Want to view files/folders on a EISA Configuration partition

Posted on 2004-10-03
Last Modified: 2011-08-18
I have a hard drive that has a small partition that XP sees as an EISA configuration partition. My understanding is that computer manufactures put system restore software on such partitions. The disk manager won't let me assign a drive letter, so I can't see what's on it.   It's the first partiton on the disk.  

Any idea how I can get to the files?  (Partiton Magic sees it as an NTFS partiton.)

Any help would be greatly appreciated!!!


Question by:d_springer
LVL 16

Assisted Solution

samccarthy earned 100 total points
ID: 12213566
Usually you can get to this on bootup.  Usually it comes up during Post and you can select an F key.  On my Dell servers, F10 puts me in the Utility.  On some other machines, compaq is one that comes to mind, you have to run the utility CD to get to the partition.  Some manufactures provide a CD that can be loaded like any other program and it will provide access to utilities, diagnostics, etc., that are stored on that partition.

Lastly, when rebuilding some machines, I just wipe it out and use the extra space.  It is generally small and unless you are using the advanced management or diagnostics that might be there, it might be better used for your files.

LVL 15

Accepted Solution

Cyber-Dude earned 400 total points
ID: 12215378
Compaq's EISA machines have a special partition for storing EISA configuration information. If you are using Windows XP OS than you may use the 'DiskPart' utility to manage that partition rather than the 'Disk manager' you are trying to use. Try to follow these steps;
1. Enter the command prompt: 'Start' => Choose 'Run' => enter 'cmd' and press 'Enter'.
2. Run the 'diskpart' utility: 'diskpart' => press 'Enter'.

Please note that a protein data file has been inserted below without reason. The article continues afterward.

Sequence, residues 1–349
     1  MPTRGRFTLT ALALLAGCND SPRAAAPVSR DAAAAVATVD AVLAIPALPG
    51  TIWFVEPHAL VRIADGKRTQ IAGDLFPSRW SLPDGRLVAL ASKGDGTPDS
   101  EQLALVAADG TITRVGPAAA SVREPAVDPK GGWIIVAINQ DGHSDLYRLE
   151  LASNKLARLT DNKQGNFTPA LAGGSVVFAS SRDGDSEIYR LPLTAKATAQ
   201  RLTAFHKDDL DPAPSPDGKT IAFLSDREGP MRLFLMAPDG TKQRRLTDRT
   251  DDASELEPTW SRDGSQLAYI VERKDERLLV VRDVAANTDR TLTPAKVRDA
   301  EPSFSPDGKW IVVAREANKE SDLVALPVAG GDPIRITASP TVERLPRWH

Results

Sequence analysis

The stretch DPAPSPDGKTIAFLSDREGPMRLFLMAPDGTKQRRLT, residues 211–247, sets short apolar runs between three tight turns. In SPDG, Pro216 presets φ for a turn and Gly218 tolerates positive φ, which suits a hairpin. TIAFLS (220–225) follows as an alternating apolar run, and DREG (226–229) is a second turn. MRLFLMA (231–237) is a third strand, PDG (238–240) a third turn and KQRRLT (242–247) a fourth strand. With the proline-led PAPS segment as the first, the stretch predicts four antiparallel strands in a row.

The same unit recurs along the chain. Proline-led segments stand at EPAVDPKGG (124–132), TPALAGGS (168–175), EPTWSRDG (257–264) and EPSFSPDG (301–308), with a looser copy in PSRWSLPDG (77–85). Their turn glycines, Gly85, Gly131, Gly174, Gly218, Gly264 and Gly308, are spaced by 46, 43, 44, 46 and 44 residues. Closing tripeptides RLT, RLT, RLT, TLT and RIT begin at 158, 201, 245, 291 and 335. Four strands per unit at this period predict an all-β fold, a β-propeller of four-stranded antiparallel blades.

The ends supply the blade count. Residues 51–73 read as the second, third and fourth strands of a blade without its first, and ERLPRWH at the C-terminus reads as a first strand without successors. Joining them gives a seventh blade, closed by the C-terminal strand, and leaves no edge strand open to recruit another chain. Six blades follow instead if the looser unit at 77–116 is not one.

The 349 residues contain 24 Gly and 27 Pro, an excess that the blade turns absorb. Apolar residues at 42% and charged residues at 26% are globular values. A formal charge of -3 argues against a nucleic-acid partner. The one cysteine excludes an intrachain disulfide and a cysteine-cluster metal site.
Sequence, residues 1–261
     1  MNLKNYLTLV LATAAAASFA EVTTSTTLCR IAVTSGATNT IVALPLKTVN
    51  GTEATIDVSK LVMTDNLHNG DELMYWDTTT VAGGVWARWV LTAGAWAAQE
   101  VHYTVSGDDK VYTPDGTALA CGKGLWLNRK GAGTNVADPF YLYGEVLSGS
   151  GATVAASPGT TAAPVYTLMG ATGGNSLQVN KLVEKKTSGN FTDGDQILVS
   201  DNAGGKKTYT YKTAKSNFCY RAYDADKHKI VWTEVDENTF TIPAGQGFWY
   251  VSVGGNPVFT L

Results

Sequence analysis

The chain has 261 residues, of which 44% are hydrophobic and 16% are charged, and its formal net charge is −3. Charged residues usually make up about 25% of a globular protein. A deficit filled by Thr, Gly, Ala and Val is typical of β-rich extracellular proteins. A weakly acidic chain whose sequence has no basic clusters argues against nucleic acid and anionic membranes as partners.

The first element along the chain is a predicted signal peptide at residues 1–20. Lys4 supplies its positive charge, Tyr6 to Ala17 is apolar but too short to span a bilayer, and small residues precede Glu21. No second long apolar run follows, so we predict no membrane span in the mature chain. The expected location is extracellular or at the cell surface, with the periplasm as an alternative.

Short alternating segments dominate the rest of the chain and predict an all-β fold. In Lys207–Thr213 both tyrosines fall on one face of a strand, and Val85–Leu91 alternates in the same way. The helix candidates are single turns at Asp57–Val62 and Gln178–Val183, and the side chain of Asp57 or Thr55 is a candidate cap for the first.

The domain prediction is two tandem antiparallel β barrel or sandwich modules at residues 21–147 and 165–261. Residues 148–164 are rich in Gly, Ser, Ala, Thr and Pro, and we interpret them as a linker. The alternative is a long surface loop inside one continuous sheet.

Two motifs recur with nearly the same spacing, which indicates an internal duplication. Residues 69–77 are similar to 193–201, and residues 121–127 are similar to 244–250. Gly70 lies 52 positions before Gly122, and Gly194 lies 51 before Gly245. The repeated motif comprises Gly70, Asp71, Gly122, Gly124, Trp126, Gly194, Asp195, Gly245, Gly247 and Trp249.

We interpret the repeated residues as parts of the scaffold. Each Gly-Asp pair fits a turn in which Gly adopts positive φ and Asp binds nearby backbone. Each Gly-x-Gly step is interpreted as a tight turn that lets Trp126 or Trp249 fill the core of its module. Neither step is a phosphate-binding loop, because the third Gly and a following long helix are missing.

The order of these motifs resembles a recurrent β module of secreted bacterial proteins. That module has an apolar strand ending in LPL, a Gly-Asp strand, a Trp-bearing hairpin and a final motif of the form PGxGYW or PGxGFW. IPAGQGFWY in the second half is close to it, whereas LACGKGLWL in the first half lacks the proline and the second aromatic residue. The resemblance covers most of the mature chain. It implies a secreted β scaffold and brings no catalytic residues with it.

3. Now things are going to get a bit tricky; Type 'list disk' to see whether you have more than one disk.
4. Type 'select disk <#>' where <#> is the number of the disk where the EISA partition is at.
5. Type 'list volume' and verify that the EISA volume is available.
6. Type 'select volume <EISA volume #>' where the <EISA volume #> is the number of the volume where the EISA resides.
7. Type 'assign <drive letter>'.


Thats it. If it wont work than it may be due to the reason of installing the OS while the EISA was already on a dynamic volume thus leaving you no choice but to delete that partition; that is if you want to... (not reccomended).


Expert Comment

ID: 14199159
If the existing OS is XP Home and the EISA partition does not have a volume assigned to it, is it then not possible to view the contents on this partition?  I went into Diskpart and even got to the point of selecting the EISA partition but was not able to run the "create volume simple" command on this OS.  

Does Diskpart allow the merging of two partitions?


Expert Comment

ID: 21186725
Cyber's instructions didn't quite work for me.

I had the same issue on my hard drive (that came from my old Dell Dimension 2400).  I reformatted this drive, but it still came up with a hidden partition, a 47 MB FAT (EISA Configuration).

I'm running XP Pro - but I don't think DiskPart runs differently.  Here's how I solved this problem:

1.  Open a command-line window (DOS commands) Start/Run/cmd <Enter>
2.  Run DiskPart
3.  Found the disk with the mystery partition:  List Disk
4.  Select Disk <disk number>
5.  Clean
6.  Create partition primary

Go into Disk Management: Start/rt-click My Computer/Manage
7.  Left-hand window pane, choose Disk Management
8.  Find the drive & partition
9.  Rt-click on the drive's unassigned partition, choose Format...., and click Yes
10. I chose NTFS, Quick Format, and Enable file & folder compression, hit OK, then OK again

Not sure Quick Format works every time - I had actually done a full format once before, and these steps were re-creating the wheel, so to say.

11. Rt-click on the newly formatted partition, choose Change Drive Letter and Paths
12. Click Add... then select a drive letter and click OK

Now, I have my new drive, all 40 GB (lists as 37.2 GB) as one partition, formatted as NTFS.  And, I did all of this using an external hard drive frame, thru the USB (2.0) port.


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